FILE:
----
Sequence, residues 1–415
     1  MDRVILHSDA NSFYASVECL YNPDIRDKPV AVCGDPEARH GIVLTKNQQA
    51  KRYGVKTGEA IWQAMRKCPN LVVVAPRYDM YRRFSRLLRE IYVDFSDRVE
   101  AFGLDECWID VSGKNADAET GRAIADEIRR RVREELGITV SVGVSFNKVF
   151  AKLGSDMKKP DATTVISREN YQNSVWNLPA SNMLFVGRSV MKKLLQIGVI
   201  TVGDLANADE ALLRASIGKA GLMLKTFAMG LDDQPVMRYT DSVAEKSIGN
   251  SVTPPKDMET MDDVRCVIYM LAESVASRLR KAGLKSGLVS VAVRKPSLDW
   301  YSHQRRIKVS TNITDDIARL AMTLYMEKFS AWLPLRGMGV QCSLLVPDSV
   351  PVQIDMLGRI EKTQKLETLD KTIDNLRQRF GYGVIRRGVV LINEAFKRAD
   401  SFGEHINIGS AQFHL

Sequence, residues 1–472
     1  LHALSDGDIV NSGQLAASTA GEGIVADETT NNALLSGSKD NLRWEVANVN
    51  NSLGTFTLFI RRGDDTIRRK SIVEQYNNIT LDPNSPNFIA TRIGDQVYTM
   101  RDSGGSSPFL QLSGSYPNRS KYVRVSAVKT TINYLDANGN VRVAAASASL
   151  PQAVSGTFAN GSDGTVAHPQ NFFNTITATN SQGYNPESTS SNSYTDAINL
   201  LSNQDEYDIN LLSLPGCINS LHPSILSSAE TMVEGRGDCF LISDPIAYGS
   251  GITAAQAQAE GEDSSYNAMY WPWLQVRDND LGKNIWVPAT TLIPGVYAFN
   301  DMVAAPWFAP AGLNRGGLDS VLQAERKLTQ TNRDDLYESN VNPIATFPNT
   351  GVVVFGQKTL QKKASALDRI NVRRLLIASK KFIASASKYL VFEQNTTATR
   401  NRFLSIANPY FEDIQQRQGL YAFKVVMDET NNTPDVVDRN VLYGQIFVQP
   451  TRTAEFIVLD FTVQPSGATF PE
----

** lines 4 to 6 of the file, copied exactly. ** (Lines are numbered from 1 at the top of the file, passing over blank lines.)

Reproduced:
   101  AFGLDECWID VSGKNADAET GRAIADEIRR RVREELGITV SVGVSFNKVF
   151  AKLGSDMKKP DATTVISREN YQNSVWNLPA SNMLFVGRSV MKKLLQIGVI
   201  TVGDLANADE ALLRASIGKA GLMLKTFAMG LDDQPVMRYT DSVAEKSIGN